IT is tiny and has existed as an independent country for only 41 years. Yet Qatar is fast becoming a kingmaker of corporate Britain.
The emirate’s sovereign wealth fund already owns Harrods and the American embassy building in Grosvenor Square, London, as well as One Hyde Park, Chelsea Barracks, the Olympic village, 26 per cent of J Sainsbury, 28 per cent of Canary Wharf’s owner, Song Bird Estates, and sizeable chunks of Barclays and the London Stock Exchange.
Next Thursday, the Qatari prime minister, Hamad bin Jassim bin Jaber al-Thani will arrive in the UK to open the latest piece on his Monopoly board of London: the Shard. The 72-storey tower is 95 per cent-owned by Qatar.
As the financial crisis struck in 2009, western investors took fright and Qatar swooped.
Two of the building’s two-storey apartments, which have views beyond the M25, are expected to become the London homes of members of the Qatari royal family.
It’s not all about luxury, however. The Qatar Investment Authority also owns 20 per cent of Camden market in north London, via its holding in the property group Chelsfield.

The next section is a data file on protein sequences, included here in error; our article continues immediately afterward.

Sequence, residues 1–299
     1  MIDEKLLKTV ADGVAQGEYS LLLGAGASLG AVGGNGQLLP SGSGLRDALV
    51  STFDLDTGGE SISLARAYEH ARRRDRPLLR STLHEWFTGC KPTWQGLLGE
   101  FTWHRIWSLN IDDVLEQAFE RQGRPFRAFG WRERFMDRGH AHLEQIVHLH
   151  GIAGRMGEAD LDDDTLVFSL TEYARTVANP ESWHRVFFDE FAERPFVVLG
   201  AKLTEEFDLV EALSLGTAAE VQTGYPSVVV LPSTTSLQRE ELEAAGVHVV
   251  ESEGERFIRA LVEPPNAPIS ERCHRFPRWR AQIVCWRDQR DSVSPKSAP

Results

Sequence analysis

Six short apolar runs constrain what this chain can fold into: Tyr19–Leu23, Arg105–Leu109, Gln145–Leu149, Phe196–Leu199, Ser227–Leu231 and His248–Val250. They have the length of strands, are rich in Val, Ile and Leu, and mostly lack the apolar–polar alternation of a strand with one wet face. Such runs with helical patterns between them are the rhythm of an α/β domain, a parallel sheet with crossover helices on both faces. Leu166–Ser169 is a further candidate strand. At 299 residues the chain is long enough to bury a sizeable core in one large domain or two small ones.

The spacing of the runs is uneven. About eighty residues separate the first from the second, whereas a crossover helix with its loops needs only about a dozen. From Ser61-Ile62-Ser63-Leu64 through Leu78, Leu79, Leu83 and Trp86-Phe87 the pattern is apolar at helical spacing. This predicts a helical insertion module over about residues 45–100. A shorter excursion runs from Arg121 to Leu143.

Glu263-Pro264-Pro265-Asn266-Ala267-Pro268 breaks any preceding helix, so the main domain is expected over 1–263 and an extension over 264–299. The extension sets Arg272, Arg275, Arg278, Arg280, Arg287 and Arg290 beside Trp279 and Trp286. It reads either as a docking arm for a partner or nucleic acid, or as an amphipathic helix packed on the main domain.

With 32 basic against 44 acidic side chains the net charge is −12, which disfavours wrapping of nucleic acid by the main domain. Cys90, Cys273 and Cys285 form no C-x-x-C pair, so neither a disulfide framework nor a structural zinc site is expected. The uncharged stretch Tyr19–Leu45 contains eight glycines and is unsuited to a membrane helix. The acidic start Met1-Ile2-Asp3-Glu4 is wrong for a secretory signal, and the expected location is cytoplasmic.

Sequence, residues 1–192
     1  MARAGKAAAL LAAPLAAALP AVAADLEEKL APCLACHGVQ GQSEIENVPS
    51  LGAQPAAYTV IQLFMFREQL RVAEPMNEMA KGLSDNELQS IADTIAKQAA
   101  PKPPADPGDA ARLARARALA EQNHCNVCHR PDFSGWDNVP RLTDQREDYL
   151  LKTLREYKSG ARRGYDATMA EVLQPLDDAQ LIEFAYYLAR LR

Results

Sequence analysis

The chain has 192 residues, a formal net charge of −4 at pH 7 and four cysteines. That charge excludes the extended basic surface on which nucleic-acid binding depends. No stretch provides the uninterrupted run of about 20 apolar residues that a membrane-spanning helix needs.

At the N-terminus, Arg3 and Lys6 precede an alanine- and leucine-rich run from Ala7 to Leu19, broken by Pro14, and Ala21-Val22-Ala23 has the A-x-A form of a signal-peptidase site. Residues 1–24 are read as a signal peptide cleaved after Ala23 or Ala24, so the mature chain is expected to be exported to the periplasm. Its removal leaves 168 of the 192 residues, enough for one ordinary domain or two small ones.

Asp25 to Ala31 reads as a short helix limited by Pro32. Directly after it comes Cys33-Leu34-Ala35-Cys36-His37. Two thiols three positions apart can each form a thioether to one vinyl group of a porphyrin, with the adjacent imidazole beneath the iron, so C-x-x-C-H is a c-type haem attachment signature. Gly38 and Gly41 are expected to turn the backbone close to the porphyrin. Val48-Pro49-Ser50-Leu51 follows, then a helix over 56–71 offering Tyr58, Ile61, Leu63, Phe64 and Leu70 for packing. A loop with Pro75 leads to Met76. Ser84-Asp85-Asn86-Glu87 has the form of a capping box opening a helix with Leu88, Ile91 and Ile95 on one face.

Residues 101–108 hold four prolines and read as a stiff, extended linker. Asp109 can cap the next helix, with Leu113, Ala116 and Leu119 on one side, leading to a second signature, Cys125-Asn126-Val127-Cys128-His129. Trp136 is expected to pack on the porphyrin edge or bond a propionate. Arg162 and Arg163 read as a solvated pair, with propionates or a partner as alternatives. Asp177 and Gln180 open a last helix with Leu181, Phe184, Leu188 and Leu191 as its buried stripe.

But the days when such assets would just be inspected on a trip to Europe are gone. The sovereign wealth fund — to which the gas-rich state gives an annual $30bn-$40bn to invest — has recently turned from passive investor to activist calling the shots.
The other day, the authority, of which Thani is both chairman and chief executive, was playing hardball with some of the best-known names in the City by demanding a much bigger payout from the mega-merger of Glencore and Xstrata.
The Qatar Investment Authority, which has built up an 11 per cent stake in Xstrata, wants 3.25 Glencore shares for each Xstrata share. Glencore is offering only 2.8 shares. If the parties do not come to an agreement, the £50bn deal will fall apart. On Tuesday night, the authority drafted in the service of the PR advisers Brunswick.
A Gulf-based banker who advises the authority said the fund had a clear strategy of going to Glencore and saying: “Give us better terms or you won’t see this merger through.”
The head of investment banking at a global bank in the Middle East told Reuters: “This is more like a private-equity, hedge-fund style transaction, not the kind of stuff you associate with sovereign wealth funds in the region.” — The Guardian, London